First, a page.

Amber, at the Faith Action Network, has been networking with people of faith who want to raise their voices on social justice issues. You may be lucky enough to receive a call from her about attending Interfaith Advocacy Days, where you can share your faith-inspired concerns about homelessness, hunger, climate change, and more. (Learn more at http://fanwa.org. Closest to Amber's heart among the FAN legislative priorities are increasing revenue that enables the social safety net while funding education, and addressing the culture of violence. Ask her about them! At Keystone Church, Amber helped organize the Festival of Hope, which raised record-breaking revenue (and perhaps postcards) for action against hunger.
Emmanuel, at the Church Council of Seattle, is focusing his attention on immigration reform, including a compassionate response to the unaccompanied children who have fled violence and poverty in Central America. He is creating a resource pamphlet for both those seeking help and those seeking to extend solidarity. Look also for curriculum he is developing on immigration for communities of faith. (Check the Church Council website for how to communicate with him: thechurchcouncil.org) Emmanuel is always asking how our faith organizations can better embody God's extravagant welcome and care for all, especially for communities of color.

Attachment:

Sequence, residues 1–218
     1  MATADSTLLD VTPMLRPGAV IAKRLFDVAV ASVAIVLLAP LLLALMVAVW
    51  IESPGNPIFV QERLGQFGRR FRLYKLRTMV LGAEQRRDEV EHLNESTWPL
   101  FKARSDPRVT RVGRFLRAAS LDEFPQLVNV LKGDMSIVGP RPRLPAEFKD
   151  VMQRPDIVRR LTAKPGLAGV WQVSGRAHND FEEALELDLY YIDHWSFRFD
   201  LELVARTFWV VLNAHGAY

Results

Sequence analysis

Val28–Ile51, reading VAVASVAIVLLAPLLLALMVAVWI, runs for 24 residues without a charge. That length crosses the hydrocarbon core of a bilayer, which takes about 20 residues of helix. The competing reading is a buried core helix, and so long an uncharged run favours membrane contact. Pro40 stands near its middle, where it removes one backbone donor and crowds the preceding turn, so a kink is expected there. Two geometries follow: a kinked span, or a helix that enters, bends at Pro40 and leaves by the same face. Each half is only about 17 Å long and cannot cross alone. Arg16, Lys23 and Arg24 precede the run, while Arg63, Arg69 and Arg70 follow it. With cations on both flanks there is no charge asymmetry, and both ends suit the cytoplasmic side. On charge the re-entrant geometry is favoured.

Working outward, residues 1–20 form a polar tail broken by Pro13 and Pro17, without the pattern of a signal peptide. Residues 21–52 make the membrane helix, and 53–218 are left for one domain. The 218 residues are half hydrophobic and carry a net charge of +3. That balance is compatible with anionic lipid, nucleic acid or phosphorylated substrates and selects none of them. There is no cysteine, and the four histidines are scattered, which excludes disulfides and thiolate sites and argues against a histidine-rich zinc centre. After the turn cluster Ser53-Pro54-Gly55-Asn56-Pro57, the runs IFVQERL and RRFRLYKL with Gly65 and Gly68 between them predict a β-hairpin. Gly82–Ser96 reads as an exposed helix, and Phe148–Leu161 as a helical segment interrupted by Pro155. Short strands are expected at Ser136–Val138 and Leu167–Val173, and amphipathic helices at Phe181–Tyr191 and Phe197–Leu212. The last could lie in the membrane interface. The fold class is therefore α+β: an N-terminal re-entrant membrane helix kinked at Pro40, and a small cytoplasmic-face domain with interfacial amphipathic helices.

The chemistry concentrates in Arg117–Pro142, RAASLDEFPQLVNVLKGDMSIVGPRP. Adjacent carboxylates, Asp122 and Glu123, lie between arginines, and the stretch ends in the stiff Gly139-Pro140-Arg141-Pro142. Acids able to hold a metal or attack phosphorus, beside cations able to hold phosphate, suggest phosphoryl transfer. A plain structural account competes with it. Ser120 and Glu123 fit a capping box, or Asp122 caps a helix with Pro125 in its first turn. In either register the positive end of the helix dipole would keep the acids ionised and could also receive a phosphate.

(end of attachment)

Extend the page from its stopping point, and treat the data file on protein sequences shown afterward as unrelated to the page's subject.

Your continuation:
Hillary, at the Seattle/King County Coalition on Homelessness, helped to organize a voter registration drive during which over 180 homeless and unstably-housed individuals registered to vote, as a way to make sure everyone's voices are heard. She also had an audience with Seattle mayor, Ed Murray, on improving citywide responses to homelessness. During a King County Council budget hearing she testified in Spanish and English, sharing quotes to advocate for King County Winter Shelter funding. (You can sign the Coalition's petition for this at www.homelessinfo.org by clicking the link to their petition.) In November Hillary was featured in the "Yes for Buses" campaign, and now she is incredibly busy helping organize the One Night Count of people who are homeless at the end of January. Hillary works with young adult and social justice groups at All Pilgrims Church. She is glad to be part of this program and is learning lots and enjoying being an advocate.
Honah, at the Washington Low Income Housing Alliance, is planning the program for the biggest advocacy day of the legislative session: Housing and Homelessness Advocacy Day! She is contacting legislators, and recently led a webinar introducing the Housing Alliance's legislative agenda for the year. In September, Honah was inspired by members of WLIHA's Emerging Advocates Program, who are translating their experiences of homelessness into powerful advocacy. At Plymouth Church, Honah is planning a breakfast forum--featuring school cafeteria-themed food!--on advocating for the Breakfast After the Bell bill. For more information about the bill, go to: http://blogs.seattletimes.com/educationlab/2014/01/31/guest-to-help-more-kids-succeed-serve-breakfast-after-the-bell/.
All of us have been reflecting weekly on our work, faith, and the gifts and challenges of community life. In class, we have begun to explore and develop skills in community organizing, anti-racism and anti-oppression work, legislative advocacy, and trauma stewardship. We are wrestling especially with how to speak up and act out for racial justice.
There is still a little time remaining for fun: dinners at La Cantina, decorating the apartment for Christmas, and going out dancing in Capitol Hill!